Delaware Court of Chancery Denies Attorneys’ Fees to Plaintiffs Who Identified Defective Corporate Acts, but Fought Corporation’s Effort to Correct Them
Law360 and The New York Law Journal reported on an April 10, 2019 ruling by the Delaware Court of Chancery denying two investors’ claim that $1.5 million in attorneys’ fees should be paid back to them for identifying defective corporate acts.
On August 20, 2018, Olshan client Glenhill Capital Management (Glenhill) prevailed after trial on claims that it had unfairly diluted minority stockholders of Design Within Reach, Inc. (DWR) prior to its acquisition by Herman Miller, Inc. Plaintiffs had claimed that certain interim financings were not entirely fair and that because certain defective corporate acts, Glenhill had effectively forfeited the bulk of its preferred stock, dramatically increasing plaintiffs’ pro rata share of merger consideration.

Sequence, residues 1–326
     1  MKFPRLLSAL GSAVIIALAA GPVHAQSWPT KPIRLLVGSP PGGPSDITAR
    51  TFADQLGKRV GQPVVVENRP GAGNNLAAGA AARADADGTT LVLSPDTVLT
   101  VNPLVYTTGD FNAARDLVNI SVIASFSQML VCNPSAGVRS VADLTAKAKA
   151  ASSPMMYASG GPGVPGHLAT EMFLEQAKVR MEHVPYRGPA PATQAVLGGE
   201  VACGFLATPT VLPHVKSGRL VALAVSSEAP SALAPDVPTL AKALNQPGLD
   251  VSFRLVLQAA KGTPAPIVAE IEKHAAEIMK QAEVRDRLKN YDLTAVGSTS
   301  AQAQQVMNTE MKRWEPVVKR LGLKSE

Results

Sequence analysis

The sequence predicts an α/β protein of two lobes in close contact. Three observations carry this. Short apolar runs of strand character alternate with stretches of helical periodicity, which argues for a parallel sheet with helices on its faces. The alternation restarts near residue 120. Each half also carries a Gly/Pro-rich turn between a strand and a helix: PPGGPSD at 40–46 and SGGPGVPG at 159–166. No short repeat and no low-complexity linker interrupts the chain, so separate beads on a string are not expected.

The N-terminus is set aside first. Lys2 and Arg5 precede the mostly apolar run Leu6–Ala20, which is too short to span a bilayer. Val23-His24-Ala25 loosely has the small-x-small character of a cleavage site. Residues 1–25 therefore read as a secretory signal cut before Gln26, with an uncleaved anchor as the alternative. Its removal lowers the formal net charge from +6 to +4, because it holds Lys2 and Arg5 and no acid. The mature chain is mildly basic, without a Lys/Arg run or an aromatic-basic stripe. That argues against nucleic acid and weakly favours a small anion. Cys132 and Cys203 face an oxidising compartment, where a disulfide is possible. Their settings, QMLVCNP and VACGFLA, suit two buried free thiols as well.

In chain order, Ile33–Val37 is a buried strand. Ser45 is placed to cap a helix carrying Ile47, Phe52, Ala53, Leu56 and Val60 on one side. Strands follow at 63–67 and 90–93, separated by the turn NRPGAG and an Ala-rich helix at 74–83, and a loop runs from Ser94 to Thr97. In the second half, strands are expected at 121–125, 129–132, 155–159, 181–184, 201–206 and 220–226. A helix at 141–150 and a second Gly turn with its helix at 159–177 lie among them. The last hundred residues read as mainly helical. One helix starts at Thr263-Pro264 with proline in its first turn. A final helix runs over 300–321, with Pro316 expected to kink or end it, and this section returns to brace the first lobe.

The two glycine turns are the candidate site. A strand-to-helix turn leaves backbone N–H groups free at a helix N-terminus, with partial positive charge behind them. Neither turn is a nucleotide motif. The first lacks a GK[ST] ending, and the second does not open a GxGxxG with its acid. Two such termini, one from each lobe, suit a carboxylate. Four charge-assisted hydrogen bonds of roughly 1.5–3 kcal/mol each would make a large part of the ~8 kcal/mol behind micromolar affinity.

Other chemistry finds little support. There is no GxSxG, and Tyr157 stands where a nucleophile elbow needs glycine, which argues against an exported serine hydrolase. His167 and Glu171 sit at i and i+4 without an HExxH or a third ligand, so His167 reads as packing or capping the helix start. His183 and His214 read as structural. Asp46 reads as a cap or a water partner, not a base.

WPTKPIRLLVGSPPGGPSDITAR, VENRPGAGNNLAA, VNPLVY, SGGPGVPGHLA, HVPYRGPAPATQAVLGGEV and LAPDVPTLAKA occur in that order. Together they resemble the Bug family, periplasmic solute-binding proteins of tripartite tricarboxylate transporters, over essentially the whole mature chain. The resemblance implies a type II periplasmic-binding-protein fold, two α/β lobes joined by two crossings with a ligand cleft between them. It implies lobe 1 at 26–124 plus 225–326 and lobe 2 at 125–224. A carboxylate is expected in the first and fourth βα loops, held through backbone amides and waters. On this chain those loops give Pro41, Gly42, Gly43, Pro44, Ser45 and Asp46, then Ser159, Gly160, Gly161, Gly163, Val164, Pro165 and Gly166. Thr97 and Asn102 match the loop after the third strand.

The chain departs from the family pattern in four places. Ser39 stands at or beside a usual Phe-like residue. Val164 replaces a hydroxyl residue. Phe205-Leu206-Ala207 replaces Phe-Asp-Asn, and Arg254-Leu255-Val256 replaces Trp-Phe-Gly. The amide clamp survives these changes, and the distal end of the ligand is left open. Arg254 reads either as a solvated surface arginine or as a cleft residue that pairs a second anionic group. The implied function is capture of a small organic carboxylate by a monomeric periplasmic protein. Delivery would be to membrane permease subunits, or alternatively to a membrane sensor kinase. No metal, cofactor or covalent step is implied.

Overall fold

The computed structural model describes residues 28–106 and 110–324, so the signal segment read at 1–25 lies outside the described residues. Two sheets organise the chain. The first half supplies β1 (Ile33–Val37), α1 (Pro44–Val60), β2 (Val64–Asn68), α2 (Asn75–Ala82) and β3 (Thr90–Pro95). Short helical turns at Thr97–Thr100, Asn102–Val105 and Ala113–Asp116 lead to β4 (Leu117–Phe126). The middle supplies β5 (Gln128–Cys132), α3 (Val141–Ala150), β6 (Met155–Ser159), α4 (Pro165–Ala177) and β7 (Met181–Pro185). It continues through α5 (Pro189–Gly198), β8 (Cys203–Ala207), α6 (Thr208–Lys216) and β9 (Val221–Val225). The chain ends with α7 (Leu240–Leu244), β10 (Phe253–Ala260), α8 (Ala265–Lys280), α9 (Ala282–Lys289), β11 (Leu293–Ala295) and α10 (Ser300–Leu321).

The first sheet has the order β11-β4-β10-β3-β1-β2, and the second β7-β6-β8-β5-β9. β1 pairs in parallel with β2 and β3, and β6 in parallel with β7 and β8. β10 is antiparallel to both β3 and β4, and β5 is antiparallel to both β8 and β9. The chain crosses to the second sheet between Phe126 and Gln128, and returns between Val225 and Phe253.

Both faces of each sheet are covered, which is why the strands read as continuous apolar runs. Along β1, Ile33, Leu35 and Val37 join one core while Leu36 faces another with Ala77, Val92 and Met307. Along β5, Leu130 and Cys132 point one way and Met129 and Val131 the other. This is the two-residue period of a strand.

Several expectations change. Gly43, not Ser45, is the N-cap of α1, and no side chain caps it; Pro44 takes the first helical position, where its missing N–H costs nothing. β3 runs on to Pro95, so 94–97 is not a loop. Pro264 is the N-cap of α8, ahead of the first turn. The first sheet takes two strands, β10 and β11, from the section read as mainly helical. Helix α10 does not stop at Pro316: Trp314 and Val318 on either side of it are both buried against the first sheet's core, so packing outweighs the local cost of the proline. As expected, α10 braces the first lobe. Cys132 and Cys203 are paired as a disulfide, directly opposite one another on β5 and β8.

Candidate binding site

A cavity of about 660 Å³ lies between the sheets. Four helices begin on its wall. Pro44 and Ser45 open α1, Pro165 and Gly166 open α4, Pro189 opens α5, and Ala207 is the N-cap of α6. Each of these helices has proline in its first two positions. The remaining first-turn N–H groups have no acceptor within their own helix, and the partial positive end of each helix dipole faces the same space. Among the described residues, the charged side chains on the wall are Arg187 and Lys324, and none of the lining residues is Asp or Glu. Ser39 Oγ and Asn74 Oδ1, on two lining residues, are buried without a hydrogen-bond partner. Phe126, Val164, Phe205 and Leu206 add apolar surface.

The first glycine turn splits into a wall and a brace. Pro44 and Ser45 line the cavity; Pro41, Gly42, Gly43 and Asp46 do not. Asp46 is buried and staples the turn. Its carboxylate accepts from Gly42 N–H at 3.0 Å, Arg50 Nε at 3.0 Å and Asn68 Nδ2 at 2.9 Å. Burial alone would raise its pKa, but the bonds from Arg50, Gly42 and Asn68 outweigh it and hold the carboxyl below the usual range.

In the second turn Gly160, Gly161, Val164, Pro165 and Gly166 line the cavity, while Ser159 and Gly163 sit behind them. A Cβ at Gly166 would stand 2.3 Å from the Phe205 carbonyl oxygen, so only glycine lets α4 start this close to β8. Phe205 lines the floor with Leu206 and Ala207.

Post-trial, Olshan, representing Glenhill prevailed again where the Court denied an application by plaintiffs for $1.5 mm in attorney’s fees under the corporate benefit doctrine. The Court ruled that equity required denial of fees. Herman Miller and DWR had promptly sought, after plaintiffs had identified the errors, to address those issues through ratification under 8 Del. C. § 204 and validation under 8 Del. C. § 205. Plaintiffs had opposed the corrective effort, requiring a trial on the merits, which plaintiffs lost. Even at argument they continued to oppose the validation, indicating they may appeal. The Court wrote that it declined to exercise its equitable discretion to award fees to plaintiffs that eschewed the path of “work[ing] cooperatively to correct technical defects in a prompt and efficient manner” and showed a“steadfast opposition to curing all Defective Acts in order to pursue an inequitable windfall.”